Yup, it's time for another ramble. I'm not going to lie to you. I'm probably here because I'm doing my level best to avoid opening Photoshop and staring balefully at any number of projects that are either in a state of unfinishable unfinishableness or are at a point where they conceivably could be finished but there's something small that's off with some tiny aspect no one will ever notice that's stopping me wrapping it up, saying 'fuck it' and publishing it. That was a really long sentence. I hate calling myself a perfectionist because I know well and good that there's no such thing as perfection but when something I need to get right eludes me I feel affronted. By myself. Yeah.
So anyway, I've been working on my colouring for a while now; which to any poor sod who watches me and/or reads my journal will be no news whatsoever. I've got so much linework to colour in my gallery alone it's severely daunting, and there's a whole bunch of stuff that's never made it to dA for all sorts of reasons that adds to it. On the other hand, my attempts to create a realistic looking faux watercolour effect in Photoshop have finally paid off; FISH NAKED ([link]) was painted over 2 days in a couple of intense 3 hour sessions and although it is a terribly throwaway bit of cheesecake, I am very pleased with it and will be transfering a lot of what I learned to other pieces I'm working on.
Plans to set up a professional studio are in motion, financial fluctuations aside. I don't really care what I get at this point, I just need a workspace without the distractions of home. I have a bunch of equipment gaining cobwebs in the garage of my folk's house which I'll need to get sent up and I'll probably need a wee jaunt down to yonder IKEA for other bits and pieces but I'll know more when I know what sort of space I have to swing the angry mammal of your choice in. The idea in the long run is to move up to a bigger studio and invite other artist friends to use the space (and help pay for it!) to form a proper Studio conglomerate thingy. I believe I work better in company; a lot of the linework in my gallery was done at friends' places.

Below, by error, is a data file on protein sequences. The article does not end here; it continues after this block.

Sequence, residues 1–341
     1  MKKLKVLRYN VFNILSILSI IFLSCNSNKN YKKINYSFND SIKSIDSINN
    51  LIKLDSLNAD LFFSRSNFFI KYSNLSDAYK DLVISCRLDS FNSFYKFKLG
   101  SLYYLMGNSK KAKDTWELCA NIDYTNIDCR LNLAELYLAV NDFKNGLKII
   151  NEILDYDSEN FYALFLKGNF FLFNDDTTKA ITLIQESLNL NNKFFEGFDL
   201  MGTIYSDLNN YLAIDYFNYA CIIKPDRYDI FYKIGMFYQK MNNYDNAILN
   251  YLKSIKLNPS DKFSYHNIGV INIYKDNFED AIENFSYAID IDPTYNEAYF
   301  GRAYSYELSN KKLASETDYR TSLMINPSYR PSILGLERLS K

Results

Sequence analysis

In completely un-art (sort of) related business, I have been playing Minecraft an awful lot this year and am pretty much hopelessly in love with it. I'm putting together a 32-bit texture pack but holding off for a while till I know exactly what's coming with the 1.8/1.9 patches; new blocks will require new textures! I'm going for a very high-gothic, Burton-esque feel. The grass will be purple. Yup. Purple.
The thing about Minecraft that sets it apart from pretty much everything else I play right now is that I never feel bad for playing it. I don't ever get that sense that I could and should have been doing something better with my time. It's such a creative environment - a game designed with creation as a principle? How decadent! The community for it is also pretty amazing and anyone that holds the slightest bit of interest for Minecraft should definitely be watching the Yogscast on youtube. You don't know these guys, but you know these guys; they're your friends. They always have been.
Remaining with games but more specifically on an art-related bent, I recently played and finished both LIMBO and Alice: Madness Returns, two of the most visually astounding games I've had the pleasure of playing for a long time. LIMBO in its monochrome, 1920s German Expressionism/Surrealist Reiniger/Lang austerity and wilfull refusal to explain itself. Alice: Madness Returns refining the aesthetic of the original American McGee's Alice from 11 years ago, simply unhinged and falling through cutely creepy all the way into outright Wasp Factory macabre. Both are visual treats and great games to play.
Oh, saw Studio Ghibli's Arrietty recently; and while it's not directed by Hayao Miyazaki, it certainly ranks alongside his best works. It's mesmerisingly beautiful, I would honestly be hard pressed to think of another animated movie with background work that comes remotely close to the detail and beauty of Arrietty. The observational quality of the animation is also astonishing; Ghibli movies have always had an affinity with water but their understanding of how liquid works from the perspective of tiny creatures (or people) truly makes me flutter inside.
Anyway, that's probably enough from me for now. I've probably not even got to the point as usual. As ever, thank you to all the watchers, favouriters and commenters I've not been able to thank personally. If I could request another favour from you, please go and look at the galleries of the lovely people I've handily ordered alphabetically into the grid below.
They'll appreciate it, and you'll like what you see.
Go, fill yourselves with love, or the closest thing to it.
Free to those that can afford it...
...very expensive to those that can't.